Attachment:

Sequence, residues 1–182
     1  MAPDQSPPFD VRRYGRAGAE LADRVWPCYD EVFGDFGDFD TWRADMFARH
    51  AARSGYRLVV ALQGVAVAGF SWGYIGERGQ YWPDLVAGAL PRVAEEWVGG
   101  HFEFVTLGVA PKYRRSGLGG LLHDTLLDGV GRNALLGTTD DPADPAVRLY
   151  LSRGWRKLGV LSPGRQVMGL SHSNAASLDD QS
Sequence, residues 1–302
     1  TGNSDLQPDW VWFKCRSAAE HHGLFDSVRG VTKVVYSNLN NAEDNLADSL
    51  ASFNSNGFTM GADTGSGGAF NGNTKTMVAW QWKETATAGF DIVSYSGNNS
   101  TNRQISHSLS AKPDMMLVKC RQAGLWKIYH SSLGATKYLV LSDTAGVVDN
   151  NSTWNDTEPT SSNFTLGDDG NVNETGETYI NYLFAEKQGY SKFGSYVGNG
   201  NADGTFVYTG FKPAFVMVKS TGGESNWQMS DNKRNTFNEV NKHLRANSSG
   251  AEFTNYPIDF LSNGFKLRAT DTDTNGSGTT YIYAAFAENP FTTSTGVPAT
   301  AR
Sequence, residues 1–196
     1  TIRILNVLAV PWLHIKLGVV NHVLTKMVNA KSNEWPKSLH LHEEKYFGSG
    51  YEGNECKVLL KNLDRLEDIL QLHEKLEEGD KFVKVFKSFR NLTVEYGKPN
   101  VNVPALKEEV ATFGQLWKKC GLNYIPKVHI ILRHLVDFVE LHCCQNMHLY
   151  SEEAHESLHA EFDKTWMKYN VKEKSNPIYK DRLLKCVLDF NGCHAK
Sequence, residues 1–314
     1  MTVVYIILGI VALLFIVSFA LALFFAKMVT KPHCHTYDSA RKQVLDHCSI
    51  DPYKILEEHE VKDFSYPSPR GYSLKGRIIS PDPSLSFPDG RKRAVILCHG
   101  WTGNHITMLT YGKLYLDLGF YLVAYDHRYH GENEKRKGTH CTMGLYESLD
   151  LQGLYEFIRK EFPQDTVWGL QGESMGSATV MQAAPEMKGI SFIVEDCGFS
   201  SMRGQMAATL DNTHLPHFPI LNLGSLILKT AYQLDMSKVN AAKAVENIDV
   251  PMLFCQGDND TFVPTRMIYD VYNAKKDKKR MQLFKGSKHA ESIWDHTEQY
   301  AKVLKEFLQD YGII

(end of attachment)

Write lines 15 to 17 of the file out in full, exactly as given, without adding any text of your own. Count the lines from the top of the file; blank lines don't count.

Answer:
     1  TIRILNVLAV PWLHIKLGVV NHVLTKMVNA KSNEWPKSLH LHEEKYFGSG
    51  YEGNECKVLL KNLDRLEDIL QLHEKLEEGD KFVKVFKSFR NLTVEYGKPN
   101  VNVPALKEEV ATFGQLWKKC GLNYIPKVHI ILRHLVDFVE LHCCQNMHLY